"Have to keep that smile," said Booker Wright in the 1966 NBC documentary Mississippi: A Self-Portrait. At the time, Wright was a waiter in a whites-only restaurant and a local business owner who would become an unwitting icon of the civil rights movement. For he did the unthinkable: before a national audience, he described what life was truly like for the black people of Greenwood, Mississippi.
Shortly after these remarks aired on television, life for Booker took a turn for the worst.
And so began the story that has inspired Yvette Johnson to explore her grandfather's life—as well as her own feelings on race—in this fascinating memoir. Born a year after Wright's death and raised in a wealthy San Diego neighborhood, Johnson admits she never had to confront race the way southern blacks did in the 1960s. Compelled to learn more about her roots, she travels back to Greenwood, Mississippi, a beautiful southern town steeped in secrets and a scarred past, to interview family members about the real Booker Wright. As she uncovers her grandfather's fascinating story and gets closer to the truth behind his murder, she also confronts her own conflicted feelings surrounding race, family, forgiveness, and faith.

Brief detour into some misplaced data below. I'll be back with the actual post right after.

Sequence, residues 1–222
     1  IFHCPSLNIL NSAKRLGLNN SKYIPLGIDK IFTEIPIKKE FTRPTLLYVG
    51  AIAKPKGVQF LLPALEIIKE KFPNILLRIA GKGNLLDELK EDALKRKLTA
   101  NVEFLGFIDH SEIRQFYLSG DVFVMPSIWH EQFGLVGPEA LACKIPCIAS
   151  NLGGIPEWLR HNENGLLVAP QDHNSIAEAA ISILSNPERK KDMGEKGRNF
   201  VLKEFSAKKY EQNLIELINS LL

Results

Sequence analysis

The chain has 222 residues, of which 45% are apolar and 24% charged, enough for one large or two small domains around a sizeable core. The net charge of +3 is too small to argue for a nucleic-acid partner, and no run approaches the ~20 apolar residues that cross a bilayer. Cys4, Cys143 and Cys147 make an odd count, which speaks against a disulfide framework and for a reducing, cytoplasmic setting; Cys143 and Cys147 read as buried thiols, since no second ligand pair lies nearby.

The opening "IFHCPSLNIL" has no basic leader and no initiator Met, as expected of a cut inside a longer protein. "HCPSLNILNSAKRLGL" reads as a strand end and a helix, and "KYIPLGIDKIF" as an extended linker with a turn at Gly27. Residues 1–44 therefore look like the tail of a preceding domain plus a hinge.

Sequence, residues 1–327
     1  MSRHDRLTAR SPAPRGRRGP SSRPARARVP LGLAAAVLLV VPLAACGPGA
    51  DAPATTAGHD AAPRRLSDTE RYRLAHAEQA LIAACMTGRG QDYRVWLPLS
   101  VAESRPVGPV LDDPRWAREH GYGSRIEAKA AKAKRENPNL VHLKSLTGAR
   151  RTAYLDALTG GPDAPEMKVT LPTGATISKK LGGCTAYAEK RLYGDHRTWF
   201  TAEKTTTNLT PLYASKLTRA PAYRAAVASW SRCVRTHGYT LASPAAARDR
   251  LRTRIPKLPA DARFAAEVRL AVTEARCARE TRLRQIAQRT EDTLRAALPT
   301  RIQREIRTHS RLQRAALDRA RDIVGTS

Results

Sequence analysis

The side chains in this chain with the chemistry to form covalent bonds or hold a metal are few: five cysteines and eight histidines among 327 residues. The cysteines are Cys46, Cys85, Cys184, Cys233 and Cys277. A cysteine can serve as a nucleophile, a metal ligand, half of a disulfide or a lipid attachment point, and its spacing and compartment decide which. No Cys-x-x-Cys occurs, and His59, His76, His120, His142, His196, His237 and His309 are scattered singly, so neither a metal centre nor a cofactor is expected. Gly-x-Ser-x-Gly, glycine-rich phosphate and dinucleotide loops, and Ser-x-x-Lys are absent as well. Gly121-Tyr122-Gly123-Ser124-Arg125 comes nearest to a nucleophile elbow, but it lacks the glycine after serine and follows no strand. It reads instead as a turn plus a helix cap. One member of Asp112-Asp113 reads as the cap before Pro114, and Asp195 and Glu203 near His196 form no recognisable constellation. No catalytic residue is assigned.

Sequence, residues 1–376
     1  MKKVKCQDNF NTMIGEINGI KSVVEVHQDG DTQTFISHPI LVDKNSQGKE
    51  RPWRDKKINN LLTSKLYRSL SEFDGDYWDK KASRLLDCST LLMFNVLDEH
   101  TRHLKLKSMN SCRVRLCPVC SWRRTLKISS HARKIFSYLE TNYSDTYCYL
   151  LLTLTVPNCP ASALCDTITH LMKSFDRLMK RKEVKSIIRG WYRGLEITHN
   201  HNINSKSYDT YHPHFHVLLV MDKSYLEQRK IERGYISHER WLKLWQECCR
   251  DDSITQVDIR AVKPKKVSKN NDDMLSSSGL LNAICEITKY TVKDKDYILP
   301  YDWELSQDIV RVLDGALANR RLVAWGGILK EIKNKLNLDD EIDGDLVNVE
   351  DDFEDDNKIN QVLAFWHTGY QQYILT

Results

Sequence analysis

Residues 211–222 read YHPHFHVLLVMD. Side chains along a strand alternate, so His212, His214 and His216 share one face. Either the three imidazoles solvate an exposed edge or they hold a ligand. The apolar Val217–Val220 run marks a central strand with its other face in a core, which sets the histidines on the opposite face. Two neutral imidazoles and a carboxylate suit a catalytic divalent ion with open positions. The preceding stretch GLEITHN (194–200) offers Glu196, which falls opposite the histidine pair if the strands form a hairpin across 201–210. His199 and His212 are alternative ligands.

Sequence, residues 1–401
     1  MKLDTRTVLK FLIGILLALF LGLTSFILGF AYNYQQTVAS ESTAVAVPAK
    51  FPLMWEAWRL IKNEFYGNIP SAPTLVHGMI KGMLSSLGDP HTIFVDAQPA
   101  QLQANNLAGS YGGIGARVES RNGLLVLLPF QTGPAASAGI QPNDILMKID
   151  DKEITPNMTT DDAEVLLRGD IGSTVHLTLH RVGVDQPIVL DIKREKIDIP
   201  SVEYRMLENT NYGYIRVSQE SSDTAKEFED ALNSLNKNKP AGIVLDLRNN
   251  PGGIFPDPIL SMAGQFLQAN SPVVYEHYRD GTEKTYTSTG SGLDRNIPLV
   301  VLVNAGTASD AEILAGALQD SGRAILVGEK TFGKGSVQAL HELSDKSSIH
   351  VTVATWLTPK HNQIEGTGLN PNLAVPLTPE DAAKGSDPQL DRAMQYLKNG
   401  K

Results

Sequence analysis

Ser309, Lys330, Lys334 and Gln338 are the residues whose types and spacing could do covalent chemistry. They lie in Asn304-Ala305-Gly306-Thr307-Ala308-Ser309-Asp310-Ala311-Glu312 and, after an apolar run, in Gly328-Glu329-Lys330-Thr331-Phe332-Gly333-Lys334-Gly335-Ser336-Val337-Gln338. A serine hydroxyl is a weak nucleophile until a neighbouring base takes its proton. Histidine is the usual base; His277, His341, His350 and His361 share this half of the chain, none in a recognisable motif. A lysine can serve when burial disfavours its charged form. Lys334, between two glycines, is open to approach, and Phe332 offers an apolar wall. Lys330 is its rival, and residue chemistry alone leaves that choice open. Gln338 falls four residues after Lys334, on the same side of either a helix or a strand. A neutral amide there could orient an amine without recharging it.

Told with powerful insights and harrowing details of civil rights–era Mississippi, The Song and the Silence is an amazing chronicle of one woman's five-year journey in pursuit of the past—and hope for tomorrow.